Posted by: Michael Keller Woodcarving | November 11, 2014

Carving a Native American Flute

For many years I have had an urge to craft an authentic Native American Indian Flute but for some reason, it never happened… probably because I knew that I would not be able to play it even if I did build one :).  But, two things recently happened to renew my interest.  First I was listening to a wonderful CD by Scott August titled Distant Spirits which is predominately Indian flute music and, second, a local Chelan gift store named Spirals added a line of beautiful flutes to their offerings.  I became motivated!  Then I recalled a very old book I have by W. Ben Hunt titled The Complete How-To Book of Indian Craft.  This book was compiled from other books written by Hunt in the early 40’s and included plans for a Indian Flute.  I was “in business.”

I pretty much followed Hunt’s plans with some minor modifications.  Rather than repeat Bent Hunt’s directions here, I will simply refer you to Hunt’s plans that can be found at  I will, however, mention the few things that I did differently from Hunt.  Some I did as the tone of my first flute was okay but far from great.  Here are some differences that I suggest making:

1) Hunt calls for a mouth hole measuring 1/8th inch.  I found that well too small and went with a ¼” hole.  Additionally, Hunt’s mouth piece is a short 3/8th inch. My second flute is 1”.
2) The instructions calls for making a volume control piece where Hunt suggests using lead, celluloid or cardboard. Yikes!… lead?  Obviously written during a different time.  I made mine out of hardwood.  It is not easy though as it is to be only 1/32” thick. 1/32” is the thickness of a standard credit card.  With my second flute, I scrapped the whole volume control thing. Rather I made a recessed 1/32” flue;
3) Hunt makes no mention of the need for everything to be smooth and contoured.  On my second flute I replaced all the square-ness with contoured, well sanded and angled lines, making sure all burrs and rough spots were removed.  I made all air passages like a smooth flowing waterway.  And, Hunt’s block is 1/4″… I suggest 1″.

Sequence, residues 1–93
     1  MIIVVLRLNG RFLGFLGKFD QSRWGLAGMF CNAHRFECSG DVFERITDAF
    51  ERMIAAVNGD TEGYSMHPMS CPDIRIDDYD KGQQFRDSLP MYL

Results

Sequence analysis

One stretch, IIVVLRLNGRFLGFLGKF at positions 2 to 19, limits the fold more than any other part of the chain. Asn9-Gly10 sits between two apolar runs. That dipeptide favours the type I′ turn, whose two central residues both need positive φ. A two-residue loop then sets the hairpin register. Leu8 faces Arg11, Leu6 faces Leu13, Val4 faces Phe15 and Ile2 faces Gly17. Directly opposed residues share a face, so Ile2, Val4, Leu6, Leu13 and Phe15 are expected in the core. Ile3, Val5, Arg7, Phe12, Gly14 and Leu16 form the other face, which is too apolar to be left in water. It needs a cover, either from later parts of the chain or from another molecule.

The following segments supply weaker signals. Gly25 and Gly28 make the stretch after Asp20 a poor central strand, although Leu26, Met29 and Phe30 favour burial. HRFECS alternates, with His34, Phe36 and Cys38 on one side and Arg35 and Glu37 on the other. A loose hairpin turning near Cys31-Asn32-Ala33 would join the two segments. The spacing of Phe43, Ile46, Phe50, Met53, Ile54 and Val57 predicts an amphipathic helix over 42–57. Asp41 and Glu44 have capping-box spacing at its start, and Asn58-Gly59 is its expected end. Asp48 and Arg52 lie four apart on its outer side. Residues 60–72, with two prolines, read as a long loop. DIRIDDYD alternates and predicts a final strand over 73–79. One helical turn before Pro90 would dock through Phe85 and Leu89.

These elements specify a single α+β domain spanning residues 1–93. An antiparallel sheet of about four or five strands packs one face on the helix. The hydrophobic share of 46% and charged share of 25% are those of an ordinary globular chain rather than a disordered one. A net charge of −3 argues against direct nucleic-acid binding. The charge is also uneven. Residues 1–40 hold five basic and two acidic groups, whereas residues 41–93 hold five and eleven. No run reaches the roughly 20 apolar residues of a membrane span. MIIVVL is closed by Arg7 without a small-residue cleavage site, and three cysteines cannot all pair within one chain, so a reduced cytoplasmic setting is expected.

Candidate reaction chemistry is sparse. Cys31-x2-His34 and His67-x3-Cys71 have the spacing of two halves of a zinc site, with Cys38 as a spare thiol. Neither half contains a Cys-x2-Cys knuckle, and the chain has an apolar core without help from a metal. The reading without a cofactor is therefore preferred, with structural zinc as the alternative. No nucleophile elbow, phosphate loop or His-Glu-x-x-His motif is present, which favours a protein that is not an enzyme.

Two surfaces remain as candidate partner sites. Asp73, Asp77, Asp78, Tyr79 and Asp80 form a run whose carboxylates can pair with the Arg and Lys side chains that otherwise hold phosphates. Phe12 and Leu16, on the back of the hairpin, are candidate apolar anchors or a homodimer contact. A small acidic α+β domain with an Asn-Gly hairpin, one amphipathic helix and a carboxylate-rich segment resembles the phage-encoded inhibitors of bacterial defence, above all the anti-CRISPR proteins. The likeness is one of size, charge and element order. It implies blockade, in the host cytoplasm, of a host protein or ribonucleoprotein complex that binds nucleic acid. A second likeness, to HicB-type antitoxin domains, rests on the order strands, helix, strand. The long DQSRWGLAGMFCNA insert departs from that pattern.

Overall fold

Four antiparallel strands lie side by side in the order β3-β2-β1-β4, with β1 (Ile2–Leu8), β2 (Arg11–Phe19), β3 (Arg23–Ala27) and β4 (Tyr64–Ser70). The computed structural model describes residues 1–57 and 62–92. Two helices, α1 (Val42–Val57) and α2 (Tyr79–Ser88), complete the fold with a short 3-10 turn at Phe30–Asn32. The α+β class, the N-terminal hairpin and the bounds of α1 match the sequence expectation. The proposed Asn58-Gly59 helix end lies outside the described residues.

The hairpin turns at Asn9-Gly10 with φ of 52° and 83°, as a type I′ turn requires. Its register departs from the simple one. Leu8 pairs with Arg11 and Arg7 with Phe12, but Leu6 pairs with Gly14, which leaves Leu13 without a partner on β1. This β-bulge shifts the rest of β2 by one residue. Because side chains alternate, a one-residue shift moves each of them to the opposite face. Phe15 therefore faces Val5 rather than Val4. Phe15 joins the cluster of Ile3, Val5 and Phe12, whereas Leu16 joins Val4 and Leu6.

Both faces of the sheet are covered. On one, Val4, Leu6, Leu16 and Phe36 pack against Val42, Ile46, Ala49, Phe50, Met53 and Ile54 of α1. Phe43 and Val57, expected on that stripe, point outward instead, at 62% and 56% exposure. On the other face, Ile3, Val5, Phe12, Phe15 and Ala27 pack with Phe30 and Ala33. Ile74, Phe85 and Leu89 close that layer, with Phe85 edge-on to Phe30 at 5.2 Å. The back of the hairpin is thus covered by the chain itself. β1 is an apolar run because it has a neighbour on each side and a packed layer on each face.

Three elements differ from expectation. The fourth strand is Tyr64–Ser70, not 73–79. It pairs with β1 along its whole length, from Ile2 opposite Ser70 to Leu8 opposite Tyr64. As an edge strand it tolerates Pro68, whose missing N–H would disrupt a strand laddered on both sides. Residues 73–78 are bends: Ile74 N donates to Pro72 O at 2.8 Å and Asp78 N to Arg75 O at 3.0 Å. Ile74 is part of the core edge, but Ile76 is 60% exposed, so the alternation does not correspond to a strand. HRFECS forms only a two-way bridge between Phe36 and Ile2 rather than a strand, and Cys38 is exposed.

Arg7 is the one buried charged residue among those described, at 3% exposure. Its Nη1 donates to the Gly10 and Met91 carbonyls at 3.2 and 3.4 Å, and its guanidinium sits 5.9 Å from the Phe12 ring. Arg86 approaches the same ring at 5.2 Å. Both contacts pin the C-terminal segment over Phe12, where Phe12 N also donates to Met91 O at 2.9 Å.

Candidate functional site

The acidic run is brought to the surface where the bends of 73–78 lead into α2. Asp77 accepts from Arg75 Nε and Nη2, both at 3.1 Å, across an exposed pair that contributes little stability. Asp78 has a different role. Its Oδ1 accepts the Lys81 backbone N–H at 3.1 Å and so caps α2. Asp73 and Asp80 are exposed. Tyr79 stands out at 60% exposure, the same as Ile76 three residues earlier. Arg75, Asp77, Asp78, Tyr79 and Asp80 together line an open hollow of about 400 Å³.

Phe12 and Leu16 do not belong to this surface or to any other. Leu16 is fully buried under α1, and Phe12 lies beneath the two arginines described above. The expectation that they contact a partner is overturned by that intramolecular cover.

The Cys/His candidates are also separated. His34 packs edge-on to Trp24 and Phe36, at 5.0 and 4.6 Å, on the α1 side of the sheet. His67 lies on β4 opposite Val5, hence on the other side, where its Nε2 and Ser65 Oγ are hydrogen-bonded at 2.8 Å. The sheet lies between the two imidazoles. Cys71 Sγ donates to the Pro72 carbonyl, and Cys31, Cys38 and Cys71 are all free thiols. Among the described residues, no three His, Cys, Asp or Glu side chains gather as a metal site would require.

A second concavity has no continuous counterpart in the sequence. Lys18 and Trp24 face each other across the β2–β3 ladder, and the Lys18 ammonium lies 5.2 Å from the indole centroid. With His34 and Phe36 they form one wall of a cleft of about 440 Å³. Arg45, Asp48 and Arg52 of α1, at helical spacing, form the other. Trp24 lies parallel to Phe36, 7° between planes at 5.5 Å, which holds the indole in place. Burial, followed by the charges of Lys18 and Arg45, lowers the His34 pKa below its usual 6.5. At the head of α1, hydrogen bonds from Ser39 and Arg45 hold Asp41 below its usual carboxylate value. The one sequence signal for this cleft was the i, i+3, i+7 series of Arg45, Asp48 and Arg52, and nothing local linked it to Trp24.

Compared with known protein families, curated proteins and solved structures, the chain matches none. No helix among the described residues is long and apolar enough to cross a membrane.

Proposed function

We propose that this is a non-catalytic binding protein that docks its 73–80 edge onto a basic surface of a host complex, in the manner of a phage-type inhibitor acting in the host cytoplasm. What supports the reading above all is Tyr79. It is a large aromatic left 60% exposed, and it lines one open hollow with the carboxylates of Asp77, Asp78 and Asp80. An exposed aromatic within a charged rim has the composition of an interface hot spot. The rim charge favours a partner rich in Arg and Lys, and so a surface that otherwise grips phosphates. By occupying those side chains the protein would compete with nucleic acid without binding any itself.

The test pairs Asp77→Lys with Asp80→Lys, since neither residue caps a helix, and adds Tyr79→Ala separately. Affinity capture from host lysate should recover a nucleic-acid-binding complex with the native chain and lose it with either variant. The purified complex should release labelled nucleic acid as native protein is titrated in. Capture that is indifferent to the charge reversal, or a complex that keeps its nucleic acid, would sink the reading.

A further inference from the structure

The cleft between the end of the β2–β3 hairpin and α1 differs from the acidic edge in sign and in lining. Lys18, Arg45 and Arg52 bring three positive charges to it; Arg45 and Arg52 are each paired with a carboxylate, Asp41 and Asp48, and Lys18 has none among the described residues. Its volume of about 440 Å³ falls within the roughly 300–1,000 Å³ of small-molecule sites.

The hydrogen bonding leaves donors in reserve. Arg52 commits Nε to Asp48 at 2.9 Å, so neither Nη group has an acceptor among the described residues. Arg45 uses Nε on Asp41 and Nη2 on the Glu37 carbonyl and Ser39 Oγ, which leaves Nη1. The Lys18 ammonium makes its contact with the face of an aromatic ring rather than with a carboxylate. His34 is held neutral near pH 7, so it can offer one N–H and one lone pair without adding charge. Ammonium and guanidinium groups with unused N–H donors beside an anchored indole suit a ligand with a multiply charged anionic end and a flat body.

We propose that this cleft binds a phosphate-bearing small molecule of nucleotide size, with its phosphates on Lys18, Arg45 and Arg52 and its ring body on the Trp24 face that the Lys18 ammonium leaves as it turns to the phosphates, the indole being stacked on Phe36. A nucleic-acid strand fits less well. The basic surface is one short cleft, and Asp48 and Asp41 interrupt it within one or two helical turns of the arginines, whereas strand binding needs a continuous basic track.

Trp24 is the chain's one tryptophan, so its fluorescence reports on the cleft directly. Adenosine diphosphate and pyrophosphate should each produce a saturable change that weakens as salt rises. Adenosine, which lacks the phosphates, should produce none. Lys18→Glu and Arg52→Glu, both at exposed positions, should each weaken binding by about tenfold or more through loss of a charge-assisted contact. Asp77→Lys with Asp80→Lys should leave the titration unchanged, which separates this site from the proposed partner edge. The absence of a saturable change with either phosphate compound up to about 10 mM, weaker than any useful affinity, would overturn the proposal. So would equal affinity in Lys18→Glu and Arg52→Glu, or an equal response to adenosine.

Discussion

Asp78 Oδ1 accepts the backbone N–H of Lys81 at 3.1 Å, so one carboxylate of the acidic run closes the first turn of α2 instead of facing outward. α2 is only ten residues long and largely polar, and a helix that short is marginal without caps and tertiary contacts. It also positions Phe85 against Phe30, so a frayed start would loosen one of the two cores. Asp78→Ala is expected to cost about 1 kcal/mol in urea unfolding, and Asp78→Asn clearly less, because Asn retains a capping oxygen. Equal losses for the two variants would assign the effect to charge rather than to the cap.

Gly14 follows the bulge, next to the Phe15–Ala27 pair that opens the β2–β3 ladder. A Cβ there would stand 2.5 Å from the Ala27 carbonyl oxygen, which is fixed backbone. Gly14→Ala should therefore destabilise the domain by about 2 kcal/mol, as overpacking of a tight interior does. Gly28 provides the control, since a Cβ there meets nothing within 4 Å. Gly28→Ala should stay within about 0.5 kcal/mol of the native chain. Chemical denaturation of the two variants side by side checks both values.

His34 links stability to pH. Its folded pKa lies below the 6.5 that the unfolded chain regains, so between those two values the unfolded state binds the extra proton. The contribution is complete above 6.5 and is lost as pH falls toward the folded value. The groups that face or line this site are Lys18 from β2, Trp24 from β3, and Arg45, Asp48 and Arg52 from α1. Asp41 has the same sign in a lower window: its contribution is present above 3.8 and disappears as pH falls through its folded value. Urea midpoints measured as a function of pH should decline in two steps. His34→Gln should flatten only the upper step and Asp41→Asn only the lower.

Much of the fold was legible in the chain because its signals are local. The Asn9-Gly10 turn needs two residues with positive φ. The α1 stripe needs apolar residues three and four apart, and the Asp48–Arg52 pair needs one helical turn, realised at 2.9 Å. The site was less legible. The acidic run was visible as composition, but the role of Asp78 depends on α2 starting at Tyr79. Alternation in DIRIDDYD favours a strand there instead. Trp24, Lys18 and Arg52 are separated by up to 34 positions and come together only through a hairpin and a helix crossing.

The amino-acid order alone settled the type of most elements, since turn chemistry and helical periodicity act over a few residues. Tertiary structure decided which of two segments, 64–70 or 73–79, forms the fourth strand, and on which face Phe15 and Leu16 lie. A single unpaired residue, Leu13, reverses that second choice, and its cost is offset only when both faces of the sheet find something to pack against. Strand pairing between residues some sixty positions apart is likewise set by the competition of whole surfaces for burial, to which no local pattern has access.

“Google” Native American flute making and look over what is available.  I could not find any detailed plans or measured drawings but I did  find lots of suggestions… as you will.  In the end, I don’t believe measurement is all that important.  I just heard about someone that made a flute out of a carrot.  And, there is a company than commercially makes sells flutes made from branches and limbs… some are even made into walking sticks.

So here is my first flute in progressive steps:


Here, I have  a 1 1/4″… 20″ long piece of Alaska Cedar which has been ripped, marked and one half gouged out.


The second side is now gouged out and the various holes cut and drilled per Hunt’s measurement and instructions


The two sides are now glued together.  Before gluing, I tried it out for sound.  If it had been too bad, I could have made some adjustments.  As it was, it was okay.  At this point, I really did not know what improvements I could make and should have done more research even before marking and gouging.

My finished flute.  Those that know me know I love eagles… so here we go again.

This is the “block.”  This is where one adjusts the tone as best as they can. Typically, Indian flute blocks are carved in a Southwest Indian motif.

I placed a rattler on the upper wall of the end of the sound chamber and a eagle feather on each side.

This is my second flute.  It is not as ornate as my first but it sounds 100% better.  The block on this one has an eagle feather and there are eagle feathers on each side of the chamber, below the block.   On this one I added “Four Directions holes” at the end of the sound chamber.  The block here is made of New Zealand Kauri wood and the flute is Alaska Yellow Cedar.  By the way, Kauri wood is over 30,000 years old… pretty rare stuff.

But, dang…. I still can’t play one of these.  I will have to work on that.

Thank you for reading and keep sharp!

Please visit my website at


  1. Very very COOL information
    I’m 57, I’m going to start my flute now sounds good 👍

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